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     Download digitally archived Bally Arcade tape programs that will load with AstroBASIC (the BASIC with the built-in tape-interface).

Astro Analyst "Astro Analyst," 1984
By Fred Rodney.

"Astro Analyst" is a one-player game in which the computer will list personality traits (i.e. quiet, logical, sensitive, shy, etc.) based on how you answer the unique program. This computer program is based on an actual psychological exam that presents you with a choice of symbols. The symbols that you select are interpreted by the computer according to the formula programmed into it for doing so, and results in a list of personality traits after all thirteen selections have been made.

Paul Thacker notes, "Astro Analyst is along the same lines as WaveMaker's 'Character Analysis,' but with more shapes and less detailed personality descriptions. I don't really get into these, but maybe it's just because it said I was vain and intolerant. :-)"

"Astro Analyst" (and the program on the tapes second side, "Memomax") received a positive reviews in "The Game Player" #19 (ARCADIAN 6, no. 8 (Jun. 30, 1984): 77.).
  1. "Astro Analyst" BASIC LISTing" - pdf. "Astro Analyst" BASIC LISTing. There are no instructions in this document.
Atlantis "Atlantis," 1984.
By Fred Rodney.
ARCADIAN 6, no. 6 (Apr. 20, 1984): 57.

Atlantis, the mythical city that rises above the waves, is under attack by a squadron of ruthless bombers. A bomber flying east, carries a lethal steerable bomb. If the bomb is guided through the city's vulnerable power vent, the above-ground structure explodes and the island's alarm sounds. In a flash, though, the structure is rebuilt.

All bombers that pass over the city must return unarmed! It is during this westerly flight that Atlantis can even-up the score by firing a guided missile aimed at destroying the bomber. If the missile is on target, the bomber explodes and the sky flashes brightly. But, alas, a new bomber attacks.

When all attacks (turns) are made, the game ends and both scores are displayed continuously. The best score wins...

As you tally up the scores, the city of Atlantis survives, as it always has, and always will, high above the "waves.". . . . . Long Live ATLANTIS.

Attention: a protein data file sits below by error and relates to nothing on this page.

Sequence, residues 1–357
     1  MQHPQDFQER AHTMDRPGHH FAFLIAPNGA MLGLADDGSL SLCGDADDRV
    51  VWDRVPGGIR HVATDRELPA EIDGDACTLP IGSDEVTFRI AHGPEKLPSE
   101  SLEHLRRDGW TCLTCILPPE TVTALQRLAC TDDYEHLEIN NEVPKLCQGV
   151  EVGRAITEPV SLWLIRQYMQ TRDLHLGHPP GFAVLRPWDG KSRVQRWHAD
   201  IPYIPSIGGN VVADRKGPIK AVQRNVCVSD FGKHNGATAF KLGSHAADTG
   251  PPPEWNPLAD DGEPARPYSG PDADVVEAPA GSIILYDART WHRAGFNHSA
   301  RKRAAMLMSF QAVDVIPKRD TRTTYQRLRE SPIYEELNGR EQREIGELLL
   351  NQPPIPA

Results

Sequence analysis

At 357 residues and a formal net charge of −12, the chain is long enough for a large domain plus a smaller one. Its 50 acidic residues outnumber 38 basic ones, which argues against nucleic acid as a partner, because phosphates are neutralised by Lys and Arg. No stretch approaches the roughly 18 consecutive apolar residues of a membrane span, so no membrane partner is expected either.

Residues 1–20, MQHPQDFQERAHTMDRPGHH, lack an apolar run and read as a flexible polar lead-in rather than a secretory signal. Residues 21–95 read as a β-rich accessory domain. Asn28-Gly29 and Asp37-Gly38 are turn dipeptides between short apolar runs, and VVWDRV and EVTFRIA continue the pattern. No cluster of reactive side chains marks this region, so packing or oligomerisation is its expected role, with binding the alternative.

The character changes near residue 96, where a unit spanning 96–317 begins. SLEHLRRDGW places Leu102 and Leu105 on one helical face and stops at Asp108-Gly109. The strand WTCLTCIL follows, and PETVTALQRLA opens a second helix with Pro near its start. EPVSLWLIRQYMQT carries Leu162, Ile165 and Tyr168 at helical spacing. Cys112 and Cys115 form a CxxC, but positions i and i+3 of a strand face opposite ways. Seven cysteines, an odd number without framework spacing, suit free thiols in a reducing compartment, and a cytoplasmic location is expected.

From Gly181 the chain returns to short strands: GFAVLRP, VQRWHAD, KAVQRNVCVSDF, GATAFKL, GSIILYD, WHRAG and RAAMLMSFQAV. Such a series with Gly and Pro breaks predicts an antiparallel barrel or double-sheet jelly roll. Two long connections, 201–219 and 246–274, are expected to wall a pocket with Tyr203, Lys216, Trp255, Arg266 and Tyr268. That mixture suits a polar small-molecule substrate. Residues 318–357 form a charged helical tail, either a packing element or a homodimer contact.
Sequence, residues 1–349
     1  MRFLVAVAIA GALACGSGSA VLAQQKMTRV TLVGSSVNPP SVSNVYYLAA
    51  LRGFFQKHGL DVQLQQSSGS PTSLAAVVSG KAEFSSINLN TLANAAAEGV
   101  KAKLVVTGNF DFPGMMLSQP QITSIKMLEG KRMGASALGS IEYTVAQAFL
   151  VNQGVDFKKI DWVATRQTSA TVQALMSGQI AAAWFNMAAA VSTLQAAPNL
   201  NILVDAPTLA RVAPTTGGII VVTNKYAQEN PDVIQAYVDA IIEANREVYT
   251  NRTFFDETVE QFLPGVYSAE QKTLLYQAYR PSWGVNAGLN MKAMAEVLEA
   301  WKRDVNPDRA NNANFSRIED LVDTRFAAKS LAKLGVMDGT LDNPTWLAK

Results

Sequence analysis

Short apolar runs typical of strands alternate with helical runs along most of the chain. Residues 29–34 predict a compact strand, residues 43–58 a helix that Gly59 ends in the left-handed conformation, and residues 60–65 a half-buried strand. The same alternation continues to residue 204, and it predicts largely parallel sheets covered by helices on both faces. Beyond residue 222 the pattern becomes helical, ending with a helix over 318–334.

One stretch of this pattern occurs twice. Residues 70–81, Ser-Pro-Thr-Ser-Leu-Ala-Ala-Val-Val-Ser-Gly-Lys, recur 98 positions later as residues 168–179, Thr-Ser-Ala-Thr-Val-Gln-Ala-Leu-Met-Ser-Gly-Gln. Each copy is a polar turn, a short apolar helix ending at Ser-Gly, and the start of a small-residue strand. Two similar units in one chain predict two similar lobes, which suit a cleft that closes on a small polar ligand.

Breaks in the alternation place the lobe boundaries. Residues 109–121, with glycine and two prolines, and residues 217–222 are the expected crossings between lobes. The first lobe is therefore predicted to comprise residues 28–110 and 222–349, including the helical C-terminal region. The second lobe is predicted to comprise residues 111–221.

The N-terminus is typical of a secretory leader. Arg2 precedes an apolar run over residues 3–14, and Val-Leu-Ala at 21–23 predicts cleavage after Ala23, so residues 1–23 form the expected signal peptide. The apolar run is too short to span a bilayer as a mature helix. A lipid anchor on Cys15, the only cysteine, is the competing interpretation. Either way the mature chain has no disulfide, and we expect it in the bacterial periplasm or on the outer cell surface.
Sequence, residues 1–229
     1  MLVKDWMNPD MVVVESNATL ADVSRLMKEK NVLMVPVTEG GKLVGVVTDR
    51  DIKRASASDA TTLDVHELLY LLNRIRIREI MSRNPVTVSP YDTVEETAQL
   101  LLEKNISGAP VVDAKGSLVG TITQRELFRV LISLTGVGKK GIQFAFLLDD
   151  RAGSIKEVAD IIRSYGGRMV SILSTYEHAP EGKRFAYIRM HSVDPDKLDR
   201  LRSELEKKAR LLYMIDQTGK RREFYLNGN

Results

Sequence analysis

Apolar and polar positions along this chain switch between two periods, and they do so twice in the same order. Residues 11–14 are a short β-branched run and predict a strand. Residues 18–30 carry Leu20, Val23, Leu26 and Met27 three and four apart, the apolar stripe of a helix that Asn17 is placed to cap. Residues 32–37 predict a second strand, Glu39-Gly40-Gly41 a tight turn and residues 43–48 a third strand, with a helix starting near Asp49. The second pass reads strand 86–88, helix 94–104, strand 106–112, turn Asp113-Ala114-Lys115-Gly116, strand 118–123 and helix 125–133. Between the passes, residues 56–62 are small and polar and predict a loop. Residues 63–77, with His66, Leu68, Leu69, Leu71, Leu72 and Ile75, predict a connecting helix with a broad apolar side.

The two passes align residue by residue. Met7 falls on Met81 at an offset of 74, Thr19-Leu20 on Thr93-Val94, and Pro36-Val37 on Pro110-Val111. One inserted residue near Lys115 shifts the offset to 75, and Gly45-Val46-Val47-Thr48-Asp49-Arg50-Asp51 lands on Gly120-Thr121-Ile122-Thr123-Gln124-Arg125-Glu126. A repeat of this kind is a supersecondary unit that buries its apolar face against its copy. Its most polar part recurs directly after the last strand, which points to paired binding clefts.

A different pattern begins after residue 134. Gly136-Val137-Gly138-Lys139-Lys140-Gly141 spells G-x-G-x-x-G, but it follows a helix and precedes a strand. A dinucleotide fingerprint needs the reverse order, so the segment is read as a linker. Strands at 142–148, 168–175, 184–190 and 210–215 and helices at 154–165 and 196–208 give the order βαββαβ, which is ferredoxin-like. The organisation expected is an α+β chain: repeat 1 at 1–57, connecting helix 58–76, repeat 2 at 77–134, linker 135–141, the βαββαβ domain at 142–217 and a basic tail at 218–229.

"Player 1 defends Atlantis, launches the missiles (trigger) and guides them (joystick score is on the right # of bombers hit. Player 2 attacks Atlantis, releases Bombs (trigger) and guides them (joystick)."

Be sure to read short instructions in archive to start the game properly.
  1. "Atlantis Documentation" - This pdf contains the original "Arcadian" program submission letter, background story for the game, documentation, typed BASIC LISTing, printed BASIC listing, and the "Atlantis" Island graphics.
  2. "Atlantis Documentation" - This text file contains a most of the non-BASIC LISTings of the pdf documentation of "Atlanis."
Fraction Study "Fraction Study."
By Fred Rodney.
Unpublished May 1984 program submission to the "Arcadian" newsletter.

A math tutor program, probably primarily for children. The instructions are in the program and can be called from the keypad.

Fraction Tutor only deals with whole numbers, so it is ideally suited her Tiny Basic. Also the large type style of the Astrocade provides for an appealing display that even the younger students can enjoy. Finally, the program is a welcome departure from the usual addition/subtraction tutors.

  1. Fraction Study - pdf. Original "Arcadian" newsletter program submission letter, instructions and BASIC LISTing.
  2. Fraction Study - Text. Original "Arcadian" newsletter program submission letter, instructions and BASIC LISTing.